Spring growth above – Summer growth belowI am planning to remove the top half of the trunk when I get a few more grafts in place – more on that next week. After some cutback, needle pulling, grafting and repotting, the tree looked a bit more manageable.
All set for SpringI learned years ago that bonsai folk can benefit from a deep sense of delayed gratification. Today this tree is both gangly and unbalanced – it looks like it’s waving its arms in the air in dismay. But it’s looking better every year and before long it will look great in an exhibit.
I’ve also learned that there’s far more to bonsai than making trees “pretty.” Routine tasks like repotting provide me with plenty of gratification. While repotting this tree, I was very surprised to see the condition of the soil.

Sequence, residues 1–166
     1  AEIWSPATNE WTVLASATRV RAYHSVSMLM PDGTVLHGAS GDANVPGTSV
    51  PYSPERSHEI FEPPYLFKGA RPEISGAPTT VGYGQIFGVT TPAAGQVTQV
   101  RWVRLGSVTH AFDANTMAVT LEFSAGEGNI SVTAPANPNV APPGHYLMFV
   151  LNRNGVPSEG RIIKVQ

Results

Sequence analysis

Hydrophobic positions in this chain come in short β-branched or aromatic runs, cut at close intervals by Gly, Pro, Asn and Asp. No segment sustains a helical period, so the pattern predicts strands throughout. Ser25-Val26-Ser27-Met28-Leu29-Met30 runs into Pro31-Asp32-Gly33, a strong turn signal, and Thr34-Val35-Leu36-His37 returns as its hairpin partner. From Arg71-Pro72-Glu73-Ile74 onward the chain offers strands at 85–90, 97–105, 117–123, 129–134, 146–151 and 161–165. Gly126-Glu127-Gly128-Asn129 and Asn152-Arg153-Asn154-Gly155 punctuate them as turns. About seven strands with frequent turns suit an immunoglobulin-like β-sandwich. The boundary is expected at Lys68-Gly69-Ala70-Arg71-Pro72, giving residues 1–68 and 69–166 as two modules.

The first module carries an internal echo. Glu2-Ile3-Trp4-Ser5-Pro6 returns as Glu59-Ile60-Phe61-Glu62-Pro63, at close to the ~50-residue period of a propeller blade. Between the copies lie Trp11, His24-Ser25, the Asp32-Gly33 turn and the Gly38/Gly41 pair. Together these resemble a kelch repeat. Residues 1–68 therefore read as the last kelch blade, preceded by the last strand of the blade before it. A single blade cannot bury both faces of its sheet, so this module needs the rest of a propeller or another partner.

Bonsai soil after 3 years in the potAfter at least three years, the bonsai mix had barely begun to break down. It’s a mix of pumice, lava and akadama. Normally I would expect to repot this tree every or at least every other year. It’s a large tree in a small pot and it’s growing vigorously. But because the soil is so hard, the drainage remained good and the roots developed well.
Combing out the rootsI also appreciate the time savings. Getting an extra year out of bonsai soil saves time and money. Getting that with no cost to the tree’s health is a super combination.